Trends in Spatial and Temporal Variability of Snowfall Totals and Events in Wisconsin, 1974 - 2010
Presented by: Daryn HardwickGraduate, Geography Department, Saint Cloud State University Faculty Advisors: Dr. Keith Rice, UWSP Geography Department Eugene Martin, UWSP Geography Department
Purpose o To better understand winter climatology for the state of Wisconsin Hypothesis o Ha = There has been a decrease in both the amount of snowfall and individual snowfall events in the state of Wisconsin between 1974 and 2010. o Ho = There has been no change in the amount of snowfall or individual snowfall events in the state of Wisconsin between 1974 and 2010.
Economic Benefits o Winter Tourism - $7.9 billion annually o Cold Water Fishing - $2.3 billion/year industry o Snowpack Water Storage saves between $2.3 - 348 billion/year Economic Costs o Snow Removal - $2 billion/year o Road Closures - $2.5 billion/year • Lost retail trade, wages, and tax revenue o Damage to Utilities • $2 billion lost in 1994 snow storm in Mississippi o Flooding • $4.7 billion lost in 1997 Red River flooding in ND and MN
The Impact of Snow/Winter Events on Humans: o 23.4 deaths per year caused o 161.7 injuries per year caused o $484 million in damage caused annually Groundwater Recharge o Urie (1966) determined about 2/3 of yearly groundwater recharge contributed by winter precipitation
Decline in snow cover extent and duration o Choi et al. 2010, Davies 1994, Dêry and Brown 2007 Great Lakes studies o Burnett et al. (2003) - increase in snowfall and both the lee and windward sides o Norton and Bolsenga (2007) – increase in lake-effect snowfall Wisconsin snowfall o Kunkel et al. (2009) – slight increase in snowfall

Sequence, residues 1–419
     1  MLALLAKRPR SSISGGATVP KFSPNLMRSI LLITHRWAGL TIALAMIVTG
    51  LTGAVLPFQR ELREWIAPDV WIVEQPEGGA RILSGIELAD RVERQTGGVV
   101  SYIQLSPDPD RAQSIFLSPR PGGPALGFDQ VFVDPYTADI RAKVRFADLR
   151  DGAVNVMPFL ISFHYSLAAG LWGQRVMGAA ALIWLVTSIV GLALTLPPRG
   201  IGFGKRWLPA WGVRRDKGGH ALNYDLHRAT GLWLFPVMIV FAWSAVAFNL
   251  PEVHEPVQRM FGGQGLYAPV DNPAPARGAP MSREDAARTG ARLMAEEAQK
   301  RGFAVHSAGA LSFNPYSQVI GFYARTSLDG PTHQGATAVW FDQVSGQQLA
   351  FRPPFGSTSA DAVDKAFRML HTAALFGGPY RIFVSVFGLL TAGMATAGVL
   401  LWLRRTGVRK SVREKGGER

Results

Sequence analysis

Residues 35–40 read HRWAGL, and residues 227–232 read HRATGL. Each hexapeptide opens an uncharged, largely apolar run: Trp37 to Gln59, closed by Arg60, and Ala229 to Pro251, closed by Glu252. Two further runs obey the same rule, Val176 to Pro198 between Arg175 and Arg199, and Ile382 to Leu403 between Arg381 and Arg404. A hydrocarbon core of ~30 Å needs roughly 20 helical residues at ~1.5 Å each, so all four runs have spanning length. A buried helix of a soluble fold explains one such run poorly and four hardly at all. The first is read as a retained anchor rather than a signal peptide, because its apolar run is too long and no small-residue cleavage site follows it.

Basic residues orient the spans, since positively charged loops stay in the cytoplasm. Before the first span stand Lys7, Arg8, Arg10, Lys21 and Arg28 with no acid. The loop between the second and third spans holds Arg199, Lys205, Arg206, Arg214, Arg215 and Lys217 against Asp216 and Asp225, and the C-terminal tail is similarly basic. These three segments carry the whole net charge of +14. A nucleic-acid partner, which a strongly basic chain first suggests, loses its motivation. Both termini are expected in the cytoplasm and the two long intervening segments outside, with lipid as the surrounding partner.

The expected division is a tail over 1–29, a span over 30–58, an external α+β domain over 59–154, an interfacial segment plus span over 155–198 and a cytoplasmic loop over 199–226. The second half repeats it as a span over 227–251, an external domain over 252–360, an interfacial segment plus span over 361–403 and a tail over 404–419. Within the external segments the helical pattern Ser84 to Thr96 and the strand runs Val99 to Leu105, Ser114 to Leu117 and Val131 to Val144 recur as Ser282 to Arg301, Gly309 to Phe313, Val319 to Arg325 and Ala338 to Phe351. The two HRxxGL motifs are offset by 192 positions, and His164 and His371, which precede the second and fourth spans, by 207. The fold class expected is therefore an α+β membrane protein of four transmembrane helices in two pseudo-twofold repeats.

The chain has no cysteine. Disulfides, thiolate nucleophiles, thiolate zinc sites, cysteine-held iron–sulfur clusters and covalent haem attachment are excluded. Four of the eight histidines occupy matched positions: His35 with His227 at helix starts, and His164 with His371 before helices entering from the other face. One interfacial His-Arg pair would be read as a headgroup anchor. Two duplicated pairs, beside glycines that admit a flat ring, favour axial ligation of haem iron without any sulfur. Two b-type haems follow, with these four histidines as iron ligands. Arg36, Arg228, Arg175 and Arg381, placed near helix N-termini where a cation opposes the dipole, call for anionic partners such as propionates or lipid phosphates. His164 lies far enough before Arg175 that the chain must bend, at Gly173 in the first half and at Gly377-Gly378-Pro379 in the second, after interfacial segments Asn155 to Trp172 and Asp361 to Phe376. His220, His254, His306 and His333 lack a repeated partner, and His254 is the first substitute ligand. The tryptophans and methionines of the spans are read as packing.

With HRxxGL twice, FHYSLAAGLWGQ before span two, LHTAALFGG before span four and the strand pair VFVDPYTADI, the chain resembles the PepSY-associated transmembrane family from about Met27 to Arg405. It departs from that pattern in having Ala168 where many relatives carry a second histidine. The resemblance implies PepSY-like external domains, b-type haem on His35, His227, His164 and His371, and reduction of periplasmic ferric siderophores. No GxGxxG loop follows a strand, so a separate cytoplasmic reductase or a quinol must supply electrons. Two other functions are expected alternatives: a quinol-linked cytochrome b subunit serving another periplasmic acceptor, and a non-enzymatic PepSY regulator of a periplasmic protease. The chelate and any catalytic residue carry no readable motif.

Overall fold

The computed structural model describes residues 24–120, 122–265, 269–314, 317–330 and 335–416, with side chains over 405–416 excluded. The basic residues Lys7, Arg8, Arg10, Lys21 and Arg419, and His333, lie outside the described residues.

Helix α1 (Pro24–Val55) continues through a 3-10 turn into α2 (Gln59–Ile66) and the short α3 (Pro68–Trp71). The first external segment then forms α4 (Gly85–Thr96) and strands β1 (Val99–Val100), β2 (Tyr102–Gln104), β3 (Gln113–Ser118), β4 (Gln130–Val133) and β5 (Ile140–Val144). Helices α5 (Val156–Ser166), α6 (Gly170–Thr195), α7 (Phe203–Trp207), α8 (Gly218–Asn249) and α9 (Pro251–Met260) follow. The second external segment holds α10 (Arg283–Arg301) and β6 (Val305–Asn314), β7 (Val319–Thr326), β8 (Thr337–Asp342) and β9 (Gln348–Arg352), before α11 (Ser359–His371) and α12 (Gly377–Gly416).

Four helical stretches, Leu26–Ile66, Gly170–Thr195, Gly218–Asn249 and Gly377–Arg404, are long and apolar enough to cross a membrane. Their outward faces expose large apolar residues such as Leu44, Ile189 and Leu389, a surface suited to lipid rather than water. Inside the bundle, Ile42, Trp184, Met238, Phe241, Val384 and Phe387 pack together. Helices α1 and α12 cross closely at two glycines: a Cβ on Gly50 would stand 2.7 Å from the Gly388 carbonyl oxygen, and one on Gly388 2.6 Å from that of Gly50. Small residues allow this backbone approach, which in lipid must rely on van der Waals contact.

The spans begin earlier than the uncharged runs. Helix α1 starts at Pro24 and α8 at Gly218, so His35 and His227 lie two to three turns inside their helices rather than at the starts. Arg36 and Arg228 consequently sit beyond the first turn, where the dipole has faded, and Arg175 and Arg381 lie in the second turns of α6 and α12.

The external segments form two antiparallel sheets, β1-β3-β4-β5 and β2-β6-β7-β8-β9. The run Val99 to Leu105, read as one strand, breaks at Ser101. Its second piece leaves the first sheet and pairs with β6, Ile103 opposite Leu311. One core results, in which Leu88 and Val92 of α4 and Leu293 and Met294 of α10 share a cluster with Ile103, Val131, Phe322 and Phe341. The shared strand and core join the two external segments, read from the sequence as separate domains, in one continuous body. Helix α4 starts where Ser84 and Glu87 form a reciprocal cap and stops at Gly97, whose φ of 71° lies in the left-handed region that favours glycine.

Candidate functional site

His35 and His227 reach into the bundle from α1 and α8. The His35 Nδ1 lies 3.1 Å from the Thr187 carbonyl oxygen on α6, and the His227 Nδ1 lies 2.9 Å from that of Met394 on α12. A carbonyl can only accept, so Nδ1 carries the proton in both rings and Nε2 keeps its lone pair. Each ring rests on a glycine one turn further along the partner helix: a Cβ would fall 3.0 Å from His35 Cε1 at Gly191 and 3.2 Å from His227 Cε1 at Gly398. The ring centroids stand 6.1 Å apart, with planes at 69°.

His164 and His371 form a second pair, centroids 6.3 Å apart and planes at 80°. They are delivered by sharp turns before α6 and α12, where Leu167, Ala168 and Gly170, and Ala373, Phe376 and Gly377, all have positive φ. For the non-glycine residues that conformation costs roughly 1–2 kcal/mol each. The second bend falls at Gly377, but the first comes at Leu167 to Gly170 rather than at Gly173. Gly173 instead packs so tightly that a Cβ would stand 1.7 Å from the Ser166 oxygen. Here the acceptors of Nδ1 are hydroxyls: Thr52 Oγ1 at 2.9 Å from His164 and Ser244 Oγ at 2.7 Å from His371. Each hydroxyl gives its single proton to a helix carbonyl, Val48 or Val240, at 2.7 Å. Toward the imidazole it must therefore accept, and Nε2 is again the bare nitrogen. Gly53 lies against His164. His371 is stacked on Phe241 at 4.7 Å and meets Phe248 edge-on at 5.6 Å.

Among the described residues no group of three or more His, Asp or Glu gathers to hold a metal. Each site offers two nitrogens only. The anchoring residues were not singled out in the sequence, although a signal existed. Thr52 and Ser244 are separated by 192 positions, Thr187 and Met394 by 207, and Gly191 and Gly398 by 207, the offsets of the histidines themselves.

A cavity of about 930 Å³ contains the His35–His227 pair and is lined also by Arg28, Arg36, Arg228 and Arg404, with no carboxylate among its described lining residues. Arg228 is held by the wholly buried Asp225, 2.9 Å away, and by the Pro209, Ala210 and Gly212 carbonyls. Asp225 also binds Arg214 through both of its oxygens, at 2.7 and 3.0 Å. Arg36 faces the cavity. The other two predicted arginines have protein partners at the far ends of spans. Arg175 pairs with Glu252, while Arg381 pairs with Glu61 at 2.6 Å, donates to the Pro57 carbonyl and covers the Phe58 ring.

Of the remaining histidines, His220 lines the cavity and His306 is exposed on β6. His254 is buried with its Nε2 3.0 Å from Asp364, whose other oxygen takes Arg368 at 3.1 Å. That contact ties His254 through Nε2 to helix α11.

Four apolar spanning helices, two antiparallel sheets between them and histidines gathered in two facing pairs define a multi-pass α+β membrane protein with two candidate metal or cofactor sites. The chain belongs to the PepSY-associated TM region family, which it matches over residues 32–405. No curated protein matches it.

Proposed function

Data o National Weather Service Cooperative Observer Program • Precipitation, Snowfall, and Snow Depth • October – April • 1974/75 – 2009/10 seasons • 152 weather stations, 11 out-of-state Analyses o Station Homogeny o Season Averages and Event Totals o Snowfall/Precipitation Ratio o Regression lines (trends)
Station Homogeny – having <10% missing data over the study period (Kunkel et al. 2009) o 137/152 (90%) determined homogenous for precipitation o 120/152 (79%) determined homogenous for snowfall o 78/152 (51%) determined homogenous for snow depth o Only stations suitable in both precipitation and snowfall were used in final analysis, 117 stations (77%) 2008-2010 Seasons
Increase in Winter Precipitation o Significant at the ≥ 95% confidence level (p = 0.0001) Increase in Winter Snowfall o Not significant at the ≥ 95% confidence level (p = 0.3624) Decrease in Snowfall-to-Precipitation Ratio o Not significant at the ≥ 95% confidence level (p = 0.0526) Increase in Days with Precipitation o Significant at the ≥ 95% confidence level (p = 0.0365) Decrease in Days with Snowfall o Significant at the ≥ 95% confidence level (p = 0.0271) 2008-2010 Seasons o Anomaly or new trend?
Self Critiques o Climate data inherently unreliable? o Number of Events in a given season o Are t-test’s suitable for climatic data? o Is 36 years enough for a climate study? Future Research o Investigate above critiques o Do El Niño or La Niña have an effect? o Spatial and temporal trends in temperature o Trends in Snow Cover and Snow Depth o Snowfall-to-Precipitation Ratio
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